The players, who could only be two, had between 5 and 10 chips each. Normally the pieces of each player had a certain shape, conical or cylindrical, that distinguished them from those of the opposite (like the different colors in modern Parcheesi).
The players used a kind of flat sticks or talus bones that had some mark on one of their sides to differentiate them.
According to the results of these investigations, the senet could be played like this: the sticks were thrown away and the points resulting from the value obtained were then added up.
The pieces moved from left to right in the first ten squares; On the other hand, in the ten squares in the center the direction was reversed, from right to left, and in the next row, also with ten squares, the direction was reversed again, from left to right, as in the first row.
There were six special boxes: 15, in the middle of the central row, and the last of the third row (from 26 to 30), which were usually marked with drawings or hieroglyphs to distinguish them, (especially from the reign of Queen Hatshepsut).
If it fell on square 27, it returned to square 15, much like what happens in the game of the goose. Boxes 26, 28, 29 and 30 had a protective sense of the tiles, as in the insurance boxes of the current Parcheesi (they could not be “killed” or “captured”), but they had special rules: you had to go through box 26 and, once there, it had to be finished in two rolls and with the exact number of points, otherwise the piece had to stay in the initial position before the move.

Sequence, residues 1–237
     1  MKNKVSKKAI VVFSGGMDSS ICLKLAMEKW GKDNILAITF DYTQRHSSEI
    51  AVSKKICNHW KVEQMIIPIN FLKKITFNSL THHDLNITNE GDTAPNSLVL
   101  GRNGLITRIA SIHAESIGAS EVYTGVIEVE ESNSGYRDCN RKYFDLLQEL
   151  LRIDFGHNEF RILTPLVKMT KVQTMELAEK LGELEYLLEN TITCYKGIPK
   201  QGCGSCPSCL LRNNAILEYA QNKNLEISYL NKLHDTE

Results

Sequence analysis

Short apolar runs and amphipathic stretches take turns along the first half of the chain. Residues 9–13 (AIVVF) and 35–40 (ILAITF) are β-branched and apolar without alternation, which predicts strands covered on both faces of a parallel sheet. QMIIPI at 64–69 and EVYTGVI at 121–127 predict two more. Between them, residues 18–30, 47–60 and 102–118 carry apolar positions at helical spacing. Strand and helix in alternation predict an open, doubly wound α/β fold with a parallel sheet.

When two pieces of a player were in a row, they protected each other and the opposing player could not capture them.
If the pieces that were followed were three, they could form a barrier and the opposing player could not overcome it. When you couldn’t move forward, you had to go back whenever possible.
When a piece of the opposing player was “killed”, the result was the exchange of positions: the piece that he captured was placed in the square where the piece that had been “killed” was, and this was placed in the square where the piece was before starting the game.
Earn the right to eternity
Regarding its ritual meaning, linked to the concept of immortality, it is curious that in the representations of the tombs, the deceased (as in the aforementioned case of Queen Nefertari) appears in front of the game alone, with no apparent opponent.
Various theories have been considered about the possible identity of this invisible adversary: Perhaps it was the Mehen serpent, protector of the Sun and linked to eternity, perhaps it was the hostile forces of the underworld or perhaps the deceased was playing alone.
According to some studies, the game served to overcome negative energies that could prevent the deceased’s ba (one of the parts that made up the soul, mediator between the divine and the earthly world, normally represented as a bird with a human head) move freely, cross the necropolis and join the body of the deceased.
He loves her deeply and just wants her to be happy. Look up to see his beautiful senet tabletop on the folding wooden nightstand.
How many games have they played with it, how many nights have they spent competing in the garden under the starry sky, caressed by the breeze and drinking palm wine …
Kha has arranged for his beloved senet to be included in his tomb goods. So he and his beloved Merit will be able to continue playing forever in the fields of Osiris … And perhaps, if only for once, he will be able to win his expert wife.
Source: Carme Mayans, National Geographic